Air in pumped hot water system.


Postby gotabelt » Mon Dec 21, 2009 7:19 pm

Good evening,

I have a pumped hot water system but the water is spurting from the taps due to an ingress of air which I believe is being drawn in via the expansion pipe. I recently fitted an automatic air bleed valve underneath an upstairs tap (the highest point in the system) and followed the directions exactly but the problem remains. Would it be possible to fit a vertical check valve to the expansion pipe which would allow excess hot water to discharge into the tank but would restrict air being dtawn in when the pump is running. NOW three questions for the experts. Firstly is my diagnosis feasible and secondly would a check valve solve the problem. Finally if a valve would work where can I get one? the expansion pipe is 15mm dia.

REgards

Peter
gotabelt
Posts: 31
Joined: Sun Dec 16, 2007 5:50 pm

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Postby rosebery » Thu Dec 24, 2009 11:13 am

"I have a pumped hot water system but the water is spurting from the taps due to an ingress of air which I believe is being drawn in via the expansion pipe."

That is a distinct possibility and if so, thats all to do with the way it has been piped. How is it piped?


"I recently fitted an automatic air bleed valve underneath an upstairs tap (the highest point in the system) and followed the directions exactly but the problem remains."

Yes that won't help.


"Would it be possible to fit a vertical check valve to the expansion pipe which would allow excess hot water to discharge into the tank but would restrict air being dtawn in when the pump is running."

Yes it is possible to do it. There are three reasons why you shouldn't. First is its dangerous, the 2nd is that its dangerous and the third is that its dangerous.


"NOW three questions for the experts. Firstly is my diagnosis feasible and secondly would a check valve solve the problem. Finally if a valve would work where can I get one? the expansion pipe is 15mm dia."

You diagnosis is prolly correct. No you should not fit a check valve. We need to examine how the pump is piped and how that can be corrected to avoid drawing the air in. Can you draw an accurate word picture or alternatively take a couple of pics, host on imageshack or photobucket and post a link here.

Cheers
rosebery
Posts: 2022
Joined: Wed Sep 26, 2007 8:55 pm


Postby gotabelt » Sun Jan 03, 2010 12:43 pm

Hi,

I will try to describe the system. It is fairly bog standard.

The hot water tank is on the ground floor (actually almost sitting on the floor) with the pump sited next to it.

The feed to the pump is teed off the top of the tank with the expansion leg going up through the ceiling to discharge into the header tank.

The supply to the taps obviously runs around the ground floor to various taps and upstairs to supply the en-suite sink.

I have a drawings in PDF and MS Publisher but I don't think the admisnistrators allow them to be posted on here.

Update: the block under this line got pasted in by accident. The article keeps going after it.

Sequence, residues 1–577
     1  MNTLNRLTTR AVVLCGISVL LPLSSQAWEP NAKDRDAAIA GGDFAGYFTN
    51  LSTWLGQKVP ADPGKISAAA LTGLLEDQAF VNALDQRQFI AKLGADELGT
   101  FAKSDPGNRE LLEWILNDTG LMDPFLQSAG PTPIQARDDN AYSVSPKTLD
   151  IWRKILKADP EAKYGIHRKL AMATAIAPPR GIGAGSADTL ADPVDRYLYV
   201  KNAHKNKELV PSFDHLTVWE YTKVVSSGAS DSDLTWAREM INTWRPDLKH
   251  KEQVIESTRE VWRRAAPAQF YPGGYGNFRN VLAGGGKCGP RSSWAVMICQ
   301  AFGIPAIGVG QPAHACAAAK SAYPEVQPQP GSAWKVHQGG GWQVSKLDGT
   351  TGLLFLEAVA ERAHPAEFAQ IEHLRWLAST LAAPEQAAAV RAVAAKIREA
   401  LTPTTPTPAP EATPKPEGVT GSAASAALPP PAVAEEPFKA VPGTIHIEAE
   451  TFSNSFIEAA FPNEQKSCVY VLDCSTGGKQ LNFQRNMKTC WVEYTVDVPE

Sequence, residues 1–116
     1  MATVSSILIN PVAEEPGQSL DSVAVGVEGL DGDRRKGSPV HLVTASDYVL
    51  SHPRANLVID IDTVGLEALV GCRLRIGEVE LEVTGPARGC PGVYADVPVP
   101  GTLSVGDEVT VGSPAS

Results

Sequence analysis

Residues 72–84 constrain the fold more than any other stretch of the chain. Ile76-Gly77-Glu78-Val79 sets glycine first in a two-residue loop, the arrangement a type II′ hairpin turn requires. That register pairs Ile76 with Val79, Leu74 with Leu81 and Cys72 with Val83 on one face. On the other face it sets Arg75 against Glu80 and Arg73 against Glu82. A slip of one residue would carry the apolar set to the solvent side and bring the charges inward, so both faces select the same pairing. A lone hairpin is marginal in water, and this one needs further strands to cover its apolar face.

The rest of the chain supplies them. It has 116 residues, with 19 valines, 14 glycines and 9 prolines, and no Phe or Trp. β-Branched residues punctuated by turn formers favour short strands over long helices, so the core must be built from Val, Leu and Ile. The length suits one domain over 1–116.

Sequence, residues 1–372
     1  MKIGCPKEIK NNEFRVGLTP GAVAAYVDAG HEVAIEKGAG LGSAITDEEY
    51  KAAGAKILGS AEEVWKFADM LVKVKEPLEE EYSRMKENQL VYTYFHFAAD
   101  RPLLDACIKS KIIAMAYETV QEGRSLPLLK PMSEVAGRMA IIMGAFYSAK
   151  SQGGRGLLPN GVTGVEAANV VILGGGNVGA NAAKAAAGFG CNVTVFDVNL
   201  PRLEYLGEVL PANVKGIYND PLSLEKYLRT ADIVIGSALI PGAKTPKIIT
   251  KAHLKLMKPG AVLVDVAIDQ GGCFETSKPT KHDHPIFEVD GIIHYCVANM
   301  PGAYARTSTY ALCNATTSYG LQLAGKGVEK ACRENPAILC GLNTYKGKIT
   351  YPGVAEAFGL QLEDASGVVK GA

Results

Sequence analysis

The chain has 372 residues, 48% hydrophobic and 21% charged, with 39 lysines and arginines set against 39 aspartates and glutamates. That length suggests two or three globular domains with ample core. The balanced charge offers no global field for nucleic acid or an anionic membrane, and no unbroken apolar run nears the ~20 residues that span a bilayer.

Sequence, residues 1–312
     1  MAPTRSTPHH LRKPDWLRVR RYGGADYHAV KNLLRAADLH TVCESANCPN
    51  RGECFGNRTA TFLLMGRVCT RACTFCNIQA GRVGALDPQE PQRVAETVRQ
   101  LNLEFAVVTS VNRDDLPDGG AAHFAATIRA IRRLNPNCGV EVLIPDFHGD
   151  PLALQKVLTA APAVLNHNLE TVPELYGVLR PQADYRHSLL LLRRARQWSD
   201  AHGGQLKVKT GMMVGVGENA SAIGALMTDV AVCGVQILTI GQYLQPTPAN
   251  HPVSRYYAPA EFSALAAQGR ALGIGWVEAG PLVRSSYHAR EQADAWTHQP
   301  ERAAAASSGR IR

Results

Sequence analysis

Thanks for your interest.
Peter
gotabelt
Posts: 31
Joined: Sun Dec 16, 2007 5:50 pm


Postby rosebery » Sun Jan 03, 2010 2:06 pm

"The feed to the pump is teed off the top of the tank with the expansion leg going up through the ceiling to discharge into the header tank."

This is the key to it all. Some short distance up that pipe there is a right angled tee joint where the water is drawn off for your bathroom and kitchen taps.

If you have teed your shower supply at another point off the vertical section of pipe the pump will be drawing air down the vent as well as water up from the cylinder. If you have teed off your shower supply from the taps supply you could well be doing the same thing.

Is that how it has been done?

Cheers
rosebery
Posts: 2022
Joined: Wed Sep 26, 2007 8:55 pm


Postby rosebery » Sun Jan 03, 2010 2:11 pm

You are correct about your documents but they prolly wouldn't help anyway being schematic. Can you not take a pic of the cylinder / pump area? It may not matter - your reply to my earlier post may give us the answer.

Cheers
rosebery
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Joined: Wed Sep 26, 2007 8:55 pm


Postby gotabelt » Fri Jan 08, 2010 10:49 am

Hi Rosebury,

My description of where the hot water is taken from the tank is not quite correct. Remember this dwelling used to be a bungalow built in the late 60's. The hot water is taken from the pipe which comes from the top of the tank but this pipe runs down behind the tank to the floor and then (before I installed the pump) went into the floor and laid in channels in the floor held in place with a soft screed. I broke into the pipe approx 18" from the floor to feed the pump. You mention the shower, this comes off the output side of the pump. Taking photo's is difficult due to space restrictions but I have put some photos on Photobucket but I don't know how you access them, do you?

Why is it dangerous to put check valves into expansion pipes. Is it due to the possibility of them sticking?

<a href="http://s960.photobucket.com/albums/ae86/bowler78/?action=view&current=Breakinpoint.jpg" target="_blank"><img src="http://i960.photobucket.com/albums/ae86/bowler78/Breakinpoint.jpg" border="0" alt="Take off point to pump"></a>

<a href="http://s960.photobucket.com/albums/ae86/bowler78/?action=view&current=Pumppipework3.jpg" target="_blank"><img src="http://i960.photobucket.com/albums/ae86/bowler78/Pumppipework3.jpg" border="0" alt="Pump Pipework 1"></a>

I may have been able to copy images onto here.

Regards
Peter
gotabelt
Posts: 31
Joined: Sun Dec 16, 2007 5:50 pm


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